What dawned on me at this point was this was no ordinary track experience format. We were to be divided into groups of five based on similar levels of track experience and we’d stay with one instructor all day. There’d be four 20-minute track sessions with a pre-session briefing and a post-session debrief. And we’d stay in line on track, like ducklings following mother, until it was our turn to follow the instructor for a lap, then we’d drop to the back of the line. Three groups of five would be on track at any one time, and overall there were 12 groups.
In advance of the event, we’d completed a form with information about our track experience, what we’d ridden and where, plus an idea of what we’d like to get out of the day, so each group was theoretically made up of riders with similar levels of ability. I was a little despondent at this point thinking beforehand that I’d have just 17 others including instructors on the whole 3.66-mile GP circuit to play on armed with a Ducati Panigale V4.
If you’re thinking about signing up for the next one then do take this into account because if you’re in a group with slower riders then you will spend several laps dawdling around, though the opportunity does allow you to become more familiar with the circuit, it’s apexes, and even the bike’s controls. When it comes to your turn behind (or sometimes in front, when he has his camera on) mother duck then this is the chance to shine.
Each session looks at elements of track riding from body position and gear selection to lines and apexes, and Rupert May, our highly experienced Silverstone-based instructor, was a God-send.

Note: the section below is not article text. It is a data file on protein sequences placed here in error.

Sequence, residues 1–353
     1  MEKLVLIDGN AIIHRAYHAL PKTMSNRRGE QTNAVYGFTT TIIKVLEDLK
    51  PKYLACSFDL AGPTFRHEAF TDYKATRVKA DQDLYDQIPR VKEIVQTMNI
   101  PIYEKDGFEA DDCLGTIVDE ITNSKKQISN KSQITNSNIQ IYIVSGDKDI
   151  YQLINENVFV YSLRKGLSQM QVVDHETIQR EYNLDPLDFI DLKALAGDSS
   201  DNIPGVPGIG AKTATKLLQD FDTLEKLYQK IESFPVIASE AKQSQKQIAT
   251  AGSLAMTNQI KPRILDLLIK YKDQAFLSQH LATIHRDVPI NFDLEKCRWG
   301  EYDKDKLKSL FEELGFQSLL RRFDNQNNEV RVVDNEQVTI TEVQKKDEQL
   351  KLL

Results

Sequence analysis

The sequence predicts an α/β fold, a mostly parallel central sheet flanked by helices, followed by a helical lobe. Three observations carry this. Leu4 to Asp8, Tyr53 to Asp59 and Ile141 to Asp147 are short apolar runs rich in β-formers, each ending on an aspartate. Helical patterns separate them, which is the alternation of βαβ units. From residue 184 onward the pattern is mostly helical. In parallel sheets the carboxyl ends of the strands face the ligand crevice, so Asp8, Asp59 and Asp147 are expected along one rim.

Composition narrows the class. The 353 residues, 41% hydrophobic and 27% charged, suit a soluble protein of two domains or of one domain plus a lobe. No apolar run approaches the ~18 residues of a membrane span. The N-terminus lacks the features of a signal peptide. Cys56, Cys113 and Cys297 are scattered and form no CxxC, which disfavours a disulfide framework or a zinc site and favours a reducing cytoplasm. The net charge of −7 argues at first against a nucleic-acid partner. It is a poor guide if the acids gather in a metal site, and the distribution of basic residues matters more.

The racetrack academy sounds like it should be for experienced riders, club racers or advanced group track dayers only, and all sets of motorcyclists would gain plenty if paired with one of the superstar GP riders, but do bear in mind their Silverstone experiences might be limited to one race per year whereas the Silverstone coaches don’t have the kudos of a Pirro or a Davies but they know the circuit like the back of their hand.
Even so, track beginners or those with no circuit experience will hoover up the information overload and will improve their understanding of the bike and the circuit with an overall massive improvement in lap times. It’s a guarantee such is the depth and breadth of information on offer. Those with some track days under their belt will be much the same. The teaching style and course format is certainly more formulaic than a standard track day, and those with experience will always recommend spending money on one-to-one tutoring for track day goers over tyre warmers and gazebos.
From a commercial perspective, Ducati are clearly wanting to make a buck but also introduce non-Panigale owners to their highest performance sportsbike, though it’s ‘just’ the V4 and not the S, SP, SP2, or R.
Every lap of a circuit be it Mallory Park or the TT course is like a very complex jigsaw. If all the pieces fit then it looks great, and there are many, many pieces to get right: